During my ritual Sunday night ring-around in search of columnar knowledge, I had hoped to track down Peter Bradley. The Westminster public affairs consultant-turned-Labour MP for The Wrekin had made an interesting attack on the dirty habits of the pharmaceutical trade about the same time that NATO was attacking Serbia.

No luck. Mr Bradley's airspace was defended by answerphones, pagers and the like. A pity, because he was reviving the 1994 health select committee complaint (echoed in 1996 by the BMA) about drug firms pushing expensive branded drugs in hospitals as cheap 'loss leaders' so that patients insist that GPs continue to prescribe the same medicine, at far greater cost.

Much more cheerful, he raised the prospect that things are finally being done about it. And about time, too. The British pharmaceutical industry is a global mega-player, but it has dirty habits, including over-charging the NHS, as his Dobship complains. In this instance, claimed Mr Bradley, you can pay 20p per patient a day for a diuretic in hospital and£6.20 per patient in the community, where 80 per cent of drugs are actually prescribed.

The difference between branded and generic drugs costs his own health authority, Shropshire,£400,000 a year. To complicate matters, being a rural-ish area, some of its doctors are entitled to dispense drugs as well as prescribe them for the convenience of patients far from Boots. The average dispensing GP makes an extra£7,500 from the task, which compensates for GPs' lower rural incomes.

But - and here's the rub - non-dispensers among our 23,000 GPs only prescribe 24 per cent branded drugs; the 4,000 GP dispensers - with 3.2 million patients - an average 74 per cent. The difference in Shropshire alone is that while the latter dispense only 28 per cent of drugs, they account for 36 per cent of the county's£1m annual overspend. To complicate matters, as the remuneration formula stands, the higher the drug price, the more the GP earns - 'a built-in incentive' to prescribe dearer stuff, Minister Denham conceded.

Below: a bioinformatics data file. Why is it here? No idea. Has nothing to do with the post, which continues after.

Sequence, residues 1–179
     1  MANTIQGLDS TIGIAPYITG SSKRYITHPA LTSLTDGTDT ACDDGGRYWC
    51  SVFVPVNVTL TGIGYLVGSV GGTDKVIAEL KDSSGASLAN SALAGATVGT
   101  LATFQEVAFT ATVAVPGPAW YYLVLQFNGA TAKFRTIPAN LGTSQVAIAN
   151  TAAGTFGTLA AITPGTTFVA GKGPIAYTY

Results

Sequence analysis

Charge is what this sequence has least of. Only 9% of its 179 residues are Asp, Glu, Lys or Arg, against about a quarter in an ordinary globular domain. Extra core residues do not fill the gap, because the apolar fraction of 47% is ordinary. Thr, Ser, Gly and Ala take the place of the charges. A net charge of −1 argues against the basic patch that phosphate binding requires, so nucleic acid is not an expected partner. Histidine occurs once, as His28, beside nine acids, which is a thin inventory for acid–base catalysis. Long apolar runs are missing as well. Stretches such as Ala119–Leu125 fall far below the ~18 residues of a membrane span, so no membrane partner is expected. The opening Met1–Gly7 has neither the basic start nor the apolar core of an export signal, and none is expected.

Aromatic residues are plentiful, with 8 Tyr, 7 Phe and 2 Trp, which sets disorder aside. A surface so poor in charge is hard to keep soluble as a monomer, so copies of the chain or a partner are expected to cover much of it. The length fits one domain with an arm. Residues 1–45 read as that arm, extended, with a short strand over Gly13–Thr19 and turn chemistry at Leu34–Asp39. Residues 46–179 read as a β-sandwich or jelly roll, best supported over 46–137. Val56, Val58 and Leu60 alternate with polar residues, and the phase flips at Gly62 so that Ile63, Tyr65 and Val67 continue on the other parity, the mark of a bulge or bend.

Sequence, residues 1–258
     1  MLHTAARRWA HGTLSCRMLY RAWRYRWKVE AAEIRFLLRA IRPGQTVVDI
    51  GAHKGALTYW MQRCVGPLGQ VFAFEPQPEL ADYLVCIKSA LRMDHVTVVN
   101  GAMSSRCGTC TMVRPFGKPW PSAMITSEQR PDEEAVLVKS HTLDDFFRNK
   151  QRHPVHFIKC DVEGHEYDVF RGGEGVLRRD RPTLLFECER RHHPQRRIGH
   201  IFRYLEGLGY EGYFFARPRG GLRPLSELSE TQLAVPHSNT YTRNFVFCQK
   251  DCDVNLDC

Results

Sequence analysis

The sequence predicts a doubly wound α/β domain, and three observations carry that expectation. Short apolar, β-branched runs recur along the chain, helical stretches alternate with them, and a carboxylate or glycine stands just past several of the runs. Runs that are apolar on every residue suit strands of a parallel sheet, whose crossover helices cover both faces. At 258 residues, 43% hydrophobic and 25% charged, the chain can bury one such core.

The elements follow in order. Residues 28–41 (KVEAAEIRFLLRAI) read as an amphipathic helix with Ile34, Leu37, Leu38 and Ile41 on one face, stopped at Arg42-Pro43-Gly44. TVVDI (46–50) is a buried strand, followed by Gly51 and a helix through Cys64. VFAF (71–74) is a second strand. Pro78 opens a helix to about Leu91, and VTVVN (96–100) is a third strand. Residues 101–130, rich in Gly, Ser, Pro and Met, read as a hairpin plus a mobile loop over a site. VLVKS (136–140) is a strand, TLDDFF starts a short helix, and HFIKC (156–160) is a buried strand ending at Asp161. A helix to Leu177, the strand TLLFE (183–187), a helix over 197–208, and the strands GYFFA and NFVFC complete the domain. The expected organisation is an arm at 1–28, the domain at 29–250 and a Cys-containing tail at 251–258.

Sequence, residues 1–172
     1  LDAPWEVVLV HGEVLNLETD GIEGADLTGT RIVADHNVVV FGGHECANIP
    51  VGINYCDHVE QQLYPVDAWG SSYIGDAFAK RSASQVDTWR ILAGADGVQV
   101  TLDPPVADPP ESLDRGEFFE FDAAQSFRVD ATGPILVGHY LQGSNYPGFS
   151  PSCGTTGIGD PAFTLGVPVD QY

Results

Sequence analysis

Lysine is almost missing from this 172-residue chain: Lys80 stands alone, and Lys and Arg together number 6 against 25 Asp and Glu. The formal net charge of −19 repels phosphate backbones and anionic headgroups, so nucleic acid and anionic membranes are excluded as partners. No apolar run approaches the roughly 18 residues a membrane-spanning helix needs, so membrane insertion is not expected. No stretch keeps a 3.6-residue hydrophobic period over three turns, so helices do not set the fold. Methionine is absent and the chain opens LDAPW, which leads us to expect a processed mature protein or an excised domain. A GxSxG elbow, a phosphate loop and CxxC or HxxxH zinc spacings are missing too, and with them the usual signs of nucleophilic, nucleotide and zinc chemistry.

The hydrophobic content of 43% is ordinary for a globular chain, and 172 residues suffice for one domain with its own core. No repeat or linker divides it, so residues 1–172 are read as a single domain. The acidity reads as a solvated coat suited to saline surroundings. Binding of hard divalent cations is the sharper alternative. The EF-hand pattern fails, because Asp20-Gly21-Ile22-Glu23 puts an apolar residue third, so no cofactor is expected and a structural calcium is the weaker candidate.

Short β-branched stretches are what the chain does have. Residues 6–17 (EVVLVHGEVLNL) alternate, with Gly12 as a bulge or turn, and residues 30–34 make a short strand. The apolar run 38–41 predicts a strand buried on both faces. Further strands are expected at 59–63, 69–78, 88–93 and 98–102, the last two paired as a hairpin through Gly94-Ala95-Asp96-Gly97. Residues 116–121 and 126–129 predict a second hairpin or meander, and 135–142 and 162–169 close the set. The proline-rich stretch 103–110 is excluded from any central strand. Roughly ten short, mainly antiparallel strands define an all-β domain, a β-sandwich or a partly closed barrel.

What is to be done? The Health Bill is taking new powers over prices, but here we are talking habits. Shropshire, says Mr Bradley, is trying to identify costly hospital brands and replace them with cheaper generics in hospital, boosting the initiative with software packages for computer- minded GPs to track down the best buys. Health ministers have proclaimed that by 2002 they want generic brands to account for 72 per cent (currently 63 per cent) of the£5bn NHS drugs budget.

Furthermore, he and John Denham agreed in the Commons that primary care groups from this week will start generating greater co-operation between primary and secondary care, seeking to eliminate what he delicately called 'the temptation to shift the cost of treatment to another budget'.

Menacing phrases like 'peer-group review' and 'unified budgets' were bandied around along with Department of Health-sponsored computerised decision-support systems like Prodigy, though Mr Denham will move more warily about changing the way rural GPs get their cash. Many GPs are well aware of the problem and doing their best, interjected another Labour new boy, Dartford's Howard Stoate, who happens to be a GP himself.

I couldn't raise him on the Sunday night phone either. But I did catch Dr Jenny Tonge, Lib Dem MP for Richmond Park, who was a community physician until 1 May 1997. As such, she never sees a prescription pad. But she was cross with the government over what she calls public health minister Tessa Jowell's pathetic response to her mini-debate on teenage pregnancy, where Britain leads Europe.

If we look at Denmark, it has cut the teen pregnancy rate from 50 per 1,000 30 years ago (the same as ours) to 8 per 1,000, while we are stuck at 30. Good sex education, available contraception and advertising are the answer, fumes Dr T. But ministers are obsessed with fashionable ideas of social exclusion - ie that poverty, low self-esteem and ill-education are the cause.

It's what Sir Keith Joseph used to call the cycle of deprivation. 'I think they're scared of the Daily Mail,' says Dr Tonge. She will be watching the government's long-promised report on teen sex, linked to the problems of sexually transmitted disease, with an eagle eye.